Could I, Wood Eye

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I like the look and strength of mortise and tenon joints. There is a 'tongue', (the tenon) that slots into a "hole" (the mortise) cut in the mating piece of wood.

http://i182.photobucket.com/albums/x199/gychang/hobbies/7-19-20089-30-40AM.jpg

In seeing the innards of Gregory Chang's Mikasa build I had the wild hair thought that this internal baffle structure could be assembled and then the side and rear panels mortised out so it could lock in place when assembled. Conversly, the panels would be mortised first and the baffles asssembled. Six of one.

The contrasting woods would give some hint as to the the fun going on inside. Acrylic is expensive and does not suffer error, that tools like me, introduce gladly.

You would expect a Minotaur to jump out of this monitor modestly magnified. (Don't try this alliteration at home, I am a professional.)

Better yet it could be part of the Fantastic Voyage movie of the 70's set in the speaker. I would have to leave a note for my wife though, "Honey I shrunk myself and Raquel Welch and we are touring the internals of the Miksa for a bit, be back for dinner." WAF on this?

The wood working wouldn't be withering. (I'll stop) it is just be a matter of patience, clamped guides, and a sharp router bit.

But while the panels can be quality plywood, what would be the effect of using hard wood boards for the baffles. Their end grain is much more attractive than the end grain of plywood. Of course it would be a simple matter to use one inch hardwood end caps for the individual baffle end/sides that would function as the tenons. Just some simple glue ups.

It would be easier to use hard wood board rather than to go to the trouble of gluing up the baffles. My sense is that because the front is so glued up and laminated that this would cancel potential resonance. Maybe only the long individual pieces would need to be mostly plywood glued up and laminated to hardwood strips.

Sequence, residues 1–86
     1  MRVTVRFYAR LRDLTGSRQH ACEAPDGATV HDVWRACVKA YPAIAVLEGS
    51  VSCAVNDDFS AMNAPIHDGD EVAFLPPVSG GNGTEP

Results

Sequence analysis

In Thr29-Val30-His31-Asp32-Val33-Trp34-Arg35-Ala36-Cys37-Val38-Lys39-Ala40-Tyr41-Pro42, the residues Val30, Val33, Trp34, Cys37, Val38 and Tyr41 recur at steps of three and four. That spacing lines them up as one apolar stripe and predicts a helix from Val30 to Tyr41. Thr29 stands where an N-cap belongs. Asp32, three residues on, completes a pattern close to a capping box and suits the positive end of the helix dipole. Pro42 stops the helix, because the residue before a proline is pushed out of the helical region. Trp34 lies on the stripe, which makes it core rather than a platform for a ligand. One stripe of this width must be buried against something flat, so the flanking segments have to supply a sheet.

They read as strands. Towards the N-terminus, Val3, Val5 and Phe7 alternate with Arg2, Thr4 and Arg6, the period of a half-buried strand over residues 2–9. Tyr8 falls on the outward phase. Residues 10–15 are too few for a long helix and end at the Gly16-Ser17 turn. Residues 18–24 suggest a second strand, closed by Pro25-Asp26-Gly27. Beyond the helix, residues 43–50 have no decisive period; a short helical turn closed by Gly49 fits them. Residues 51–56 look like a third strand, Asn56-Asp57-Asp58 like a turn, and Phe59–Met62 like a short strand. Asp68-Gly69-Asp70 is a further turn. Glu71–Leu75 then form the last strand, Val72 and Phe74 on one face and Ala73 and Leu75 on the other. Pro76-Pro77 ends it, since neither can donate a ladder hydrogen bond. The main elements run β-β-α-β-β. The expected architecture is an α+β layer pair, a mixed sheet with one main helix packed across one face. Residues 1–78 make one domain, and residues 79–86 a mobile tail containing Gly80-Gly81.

Does anyone think using some nice Ash or Maple hardwood boards for the internals of the Mikasa would add too much color sonically? It is my intension to add some contrast and interest to the external cabinet at present. I will mock this up (in both the sense of simulation and potential humor, with some plywood and stain-paint the tenon lines to see if it is aesthetically inspired or whether it will look like it has fallen down some stairs and was scared and sutured badly.

But is there enough baffle to worry about being hard wood and not composite or laminated plywood?
 
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Bruce- I think you'd be asking for a world of pain trying to machine and assemble that many panels with M&T or even CNC dowelled / dadoed joinery.

A few years ago we did a flat-pack kit for the original FrugelHorn using the latter; it was more than a bit tricky to mix a combination of very accurate CNC machined dadoed gables (vertical sides) and internal panels of BB ply - even slight variations in thickness of the sheet goods can make for quite a wrestling match when trying to apply the second side.


but then I guess there's more than a little bit of self-flagellation involved in this hobby :p
 
Chris, the challenge of fitting the boards aside, what are your thoughts about the composition of the boards? Would it be problematic to use hardwood boards for the internals? I can get the size and thickness pretty consistent with a jointer and a thickness planer or thickness drum sander.

Do you anticipate any untoward resonances from using hardwood rather than plywood for the internal baffle materials?
 
Chris, the challenge of fitting the boards aside, what are your thoughts about the composition of the boards? Would it be problematic to use hardwood boards for the internals? I can get the size and thickness pretty consistent with a jointer and a thickness planer or thickness drum sander.

Do you anticipate any untoward resonances from using hardwood rather than plywood for the internal baffle materials?


resonances, not so much - the number of pieces involved adds a lot of bracing, and I think the total glue surface area is more than adequate for the strength required

but think that even with deadly accurate dimensioning and cutting of material, you might expect some problems with movement
 
Yea, in the light of day mortising the the side panels is over the top. But I am going to use hardwood board for the front and very visible baffles. I have been using some very nice Cherry veneered plywood and finding Cherry hardwood boards to complement the plywood carcass should be a piece of cake.

Have a Happy Thanksgiving or whatever y'all do north of the border.

Bruce
 
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